Before agents, producers and studio executives agree to read a complete screenplay, they will often first ask to see a synopsis. What is a synopsis? How can a solid synopsis help you sell your project? And how do you write a synopsis that will produce the kind of response you want?
A synopsis is a brief telling of your screen story in written form. It contains all the important elements — characters, storyline, actions, reactions and major incidents — from beginning to end in chronological order. (That being defined as the order in which events occur in the story.) Above all else, a synopsis is a sales tool designed to get the reader eager to read your complete script or view your short film or web series. To accomplish this, your synopsis should be as compelling, detailed and cinematic as you can make it in the limited amount of space you have available.
Many fledgling writers confuse the terms synopsis with treatment. They’re different tools designed for different purposes. As noted above, a synopsis is a brief retelling of your story designed to generate interest. It’s your verbal pitch in written form. A treatment, on the other hand, is a scene-by-scene breakdown that contains just about everything to be found in an actual screenplay or short film, except dialogue. (Although some extended treatments do include dialogue sequences to better illustrate the content of key scenes.) Writers and producers usually write treatments as an intermediary step to help flesh out story elements before committing time and energy to a full-blown screenplay or short film. As helpful as they are to the writing process, treatments aren’t usually as good as synopses for marketing your projects to would-be buyers.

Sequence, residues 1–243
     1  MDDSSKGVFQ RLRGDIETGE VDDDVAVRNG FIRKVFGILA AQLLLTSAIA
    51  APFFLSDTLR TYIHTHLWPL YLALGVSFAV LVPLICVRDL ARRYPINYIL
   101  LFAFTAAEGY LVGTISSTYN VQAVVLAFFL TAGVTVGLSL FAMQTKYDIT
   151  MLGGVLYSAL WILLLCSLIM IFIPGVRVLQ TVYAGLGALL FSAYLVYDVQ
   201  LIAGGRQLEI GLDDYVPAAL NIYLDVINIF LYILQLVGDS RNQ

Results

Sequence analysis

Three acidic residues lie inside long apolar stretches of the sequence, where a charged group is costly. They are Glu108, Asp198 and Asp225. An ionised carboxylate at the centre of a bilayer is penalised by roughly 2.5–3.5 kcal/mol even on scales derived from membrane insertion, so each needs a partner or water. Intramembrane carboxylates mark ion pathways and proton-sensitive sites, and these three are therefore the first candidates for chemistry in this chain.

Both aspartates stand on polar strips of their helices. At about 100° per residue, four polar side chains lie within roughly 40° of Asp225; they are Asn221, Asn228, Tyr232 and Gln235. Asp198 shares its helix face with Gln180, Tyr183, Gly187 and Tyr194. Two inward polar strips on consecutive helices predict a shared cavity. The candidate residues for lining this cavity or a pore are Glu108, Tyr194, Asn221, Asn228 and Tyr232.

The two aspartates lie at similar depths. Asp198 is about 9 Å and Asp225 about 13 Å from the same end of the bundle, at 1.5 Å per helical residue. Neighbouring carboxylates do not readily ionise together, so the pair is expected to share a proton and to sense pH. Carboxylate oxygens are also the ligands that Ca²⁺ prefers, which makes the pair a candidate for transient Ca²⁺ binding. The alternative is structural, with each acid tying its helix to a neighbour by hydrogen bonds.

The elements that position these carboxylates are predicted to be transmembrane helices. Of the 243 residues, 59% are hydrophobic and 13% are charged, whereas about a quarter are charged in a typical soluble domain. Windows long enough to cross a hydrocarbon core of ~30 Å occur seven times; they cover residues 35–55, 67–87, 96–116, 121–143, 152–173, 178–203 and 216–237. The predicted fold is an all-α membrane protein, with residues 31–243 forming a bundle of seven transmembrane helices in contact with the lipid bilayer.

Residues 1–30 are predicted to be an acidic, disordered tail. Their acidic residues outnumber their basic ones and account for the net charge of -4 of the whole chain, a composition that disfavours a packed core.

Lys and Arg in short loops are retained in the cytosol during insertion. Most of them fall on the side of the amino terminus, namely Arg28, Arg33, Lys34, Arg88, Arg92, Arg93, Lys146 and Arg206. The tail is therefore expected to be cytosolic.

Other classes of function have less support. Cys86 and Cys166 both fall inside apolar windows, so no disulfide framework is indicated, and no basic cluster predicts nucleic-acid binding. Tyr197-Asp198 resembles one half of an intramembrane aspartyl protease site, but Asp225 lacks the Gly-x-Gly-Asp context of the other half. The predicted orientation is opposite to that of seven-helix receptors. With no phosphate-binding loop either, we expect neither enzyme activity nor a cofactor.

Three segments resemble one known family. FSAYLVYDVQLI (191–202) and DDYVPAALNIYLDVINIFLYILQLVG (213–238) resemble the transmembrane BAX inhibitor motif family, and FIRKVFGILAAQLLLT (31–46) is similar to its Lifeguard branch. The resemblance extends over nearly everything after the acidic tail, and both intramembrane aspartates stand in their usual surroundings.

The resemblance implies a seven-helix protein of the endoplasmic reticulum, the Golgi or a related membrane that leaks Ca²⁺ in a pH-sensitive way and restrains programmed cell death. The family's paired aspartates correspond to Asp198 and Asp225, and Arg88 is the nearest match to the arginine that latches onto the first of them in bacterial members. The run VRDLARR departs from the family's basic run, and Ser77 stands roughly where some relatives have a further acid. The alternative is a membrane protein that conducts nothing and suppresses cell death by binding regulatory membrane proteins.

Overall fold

Here, then, are some guidelines on writing an effective synopsis:
Length A synopsis should be long enough to pack in everything that’s good about your story, but short enough to be read in less than five minutes. This usually translates to two to three single-spaced typewritten pages. Some writers try to tell their story in a single page, but the results are usually so truncated as to be dry and lifeless. And if you go beyond three pages, you risk losing your reader’s interest. So aim for two/three pages. That’s ideal.